Lader: I’m definitely someone who loves communicating with people in person and really getting to know my customers through face to face interactions, along with the opportunity to help style them in ways they may not have initially thought of. So in this new way of life, I have had to adapt to keep fostering those relationships. I write cards with every order, I have interactive stories asking for customer opinions and styling help, and I’ve been really focusing on ensuring I’m as active online as possible. I am also planning on launching an online personal stylist service to help people shop for different occasions, answer any questions they have, and assist them in planning bold outfits!

DC: What updates or significant accomplishments can you share with us about your company from the last six months?

Lader: In the past 6 months we have been part of Terp Startup Fellows, which has given us the opportunity to not only pursue more in person (outdoor, socially distanced) pop-up events, where we generate the most revenue, but also to purchase a trailer which we are currently renovating in order to do more events. We have increased from posting once a week to posting up to 7 items per day on our website and instagram, and are currently revamping our internship program to teach people about content creation, ethical fashion, and give students the opportunities to work firsthand with our startup!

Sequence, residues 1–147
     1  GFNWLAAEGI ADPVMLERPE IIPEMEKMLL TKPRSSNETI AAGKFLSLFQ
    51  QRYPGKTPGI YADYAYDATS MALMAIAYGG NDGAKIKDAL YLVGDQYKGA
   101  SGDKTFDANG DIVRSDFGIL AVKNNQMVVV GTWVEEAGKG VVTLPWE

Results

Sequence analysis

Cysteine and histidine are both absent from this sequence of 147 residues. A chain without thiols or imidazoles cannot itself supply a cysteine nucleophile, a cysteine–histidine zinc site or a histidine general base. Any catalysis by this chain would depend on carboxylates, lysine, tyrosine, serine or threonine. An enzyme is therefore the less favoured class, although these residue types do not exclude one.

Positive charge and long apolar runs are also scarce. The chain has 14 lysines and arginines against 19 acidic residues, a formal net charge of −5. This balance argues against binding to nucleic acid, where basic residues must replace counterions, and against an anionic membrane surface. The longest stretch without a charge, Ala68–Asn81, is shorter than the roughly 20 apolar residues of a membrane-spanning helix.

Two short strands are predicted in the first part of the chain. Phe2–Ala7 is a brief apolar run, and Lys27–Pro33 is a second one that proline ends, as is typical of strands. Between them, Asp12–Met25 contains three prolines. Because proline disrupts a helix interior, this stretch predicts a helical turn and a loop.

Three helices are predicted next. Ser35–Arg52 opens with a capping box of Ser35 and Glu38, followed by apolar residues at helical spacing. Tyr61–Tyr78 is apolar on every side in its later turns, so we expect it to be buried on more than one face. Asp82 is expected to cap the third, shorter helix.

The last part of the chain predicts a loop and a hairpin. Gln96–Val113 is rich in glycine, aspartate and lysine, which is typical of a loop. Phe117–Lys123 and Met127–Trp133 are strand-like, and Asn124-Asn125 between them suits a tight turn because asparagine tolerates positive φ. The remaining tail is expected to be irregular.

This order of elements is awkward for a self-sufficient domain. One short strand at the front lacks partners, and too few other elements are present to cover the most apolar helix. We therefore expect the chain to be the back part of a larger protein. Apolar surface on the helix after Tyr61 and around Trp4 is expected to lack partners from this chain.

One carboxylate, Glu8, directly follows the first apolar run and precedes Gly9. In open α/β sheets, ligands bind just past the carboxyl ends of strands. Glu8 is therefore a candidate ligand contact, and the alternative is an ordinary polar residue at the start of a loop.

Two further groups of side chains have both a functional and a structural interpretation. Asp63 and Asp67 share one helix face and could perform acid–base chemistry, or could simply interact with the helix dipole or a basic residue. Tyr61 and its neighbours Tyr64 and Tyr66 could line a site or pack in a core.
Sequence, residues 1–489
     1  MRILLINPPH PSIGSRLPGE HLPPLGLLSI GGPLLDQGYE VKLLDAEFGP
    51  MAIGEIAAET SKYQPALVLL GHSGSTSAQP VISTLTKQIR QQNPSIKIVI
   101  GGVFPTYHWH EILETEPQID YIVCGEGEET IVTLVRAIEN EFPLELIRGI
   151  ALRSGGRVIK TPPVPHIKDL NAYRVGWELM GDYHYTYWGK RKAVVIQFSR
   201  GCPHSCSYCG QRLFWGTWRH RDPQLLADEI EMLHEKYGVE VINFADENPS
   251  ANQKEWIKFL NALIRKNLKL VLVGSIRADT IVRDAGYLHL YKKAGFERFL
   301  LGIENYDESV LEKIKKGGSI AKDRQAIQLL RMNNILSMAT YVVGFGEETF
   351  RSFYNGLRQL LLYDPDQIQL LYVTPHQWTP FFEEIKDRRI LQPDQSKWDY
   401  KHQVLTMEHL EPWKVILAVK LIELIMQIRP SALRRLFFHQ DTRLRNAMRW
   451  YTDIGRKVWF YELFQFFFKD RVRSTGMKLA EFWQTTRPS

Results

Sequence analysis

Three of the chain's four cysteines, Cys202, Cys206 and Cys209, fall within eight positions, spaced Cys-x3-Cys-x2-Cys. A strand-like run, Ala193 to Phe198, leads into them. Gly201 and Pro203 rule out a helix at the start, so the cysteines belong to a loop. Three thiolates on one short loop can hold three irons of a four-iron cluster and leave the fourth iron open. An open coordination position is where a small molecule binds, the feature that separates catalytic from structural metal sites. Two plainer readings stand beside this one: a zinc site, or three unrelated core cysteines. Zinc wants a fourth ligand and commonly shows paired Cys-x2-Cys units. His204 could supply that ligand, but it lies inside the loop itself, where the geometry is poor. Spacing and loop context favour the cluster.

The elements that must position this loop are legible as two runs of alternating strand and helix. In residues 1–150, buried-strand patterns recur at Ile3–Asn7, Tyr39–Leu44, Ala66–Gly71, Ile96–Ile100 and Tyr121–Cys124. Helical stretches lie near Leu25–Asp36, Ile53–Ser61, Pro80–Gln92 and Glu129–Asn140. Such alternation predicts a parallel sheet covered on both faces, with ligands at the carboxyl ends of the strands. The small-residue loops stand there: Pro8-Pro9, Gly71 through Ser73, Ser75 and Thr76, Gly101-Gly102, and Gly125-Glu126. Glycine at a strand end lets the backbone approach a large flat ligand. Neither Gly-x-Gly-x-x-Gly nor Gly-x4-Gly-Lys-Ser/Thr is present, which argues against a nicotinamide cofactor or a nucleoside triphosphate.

DC: If you could give advice to any aspiring entrepreneurs, what would it be?

Lader: You know your business more than anyone else. If you believe wholeheartedly in your idea, if you trust your process and believe in yourself, you can achieve great things. Not everything is going to work, but you can learn from your failures and become stronger through them. This is your vision and you have the ability to make it happen. Not every day is going to be easy, but the experience is unparalleled and the end result is worth it.

For more information about Sarah Lader’s company, The Sustainable Socialite, please visit the website here.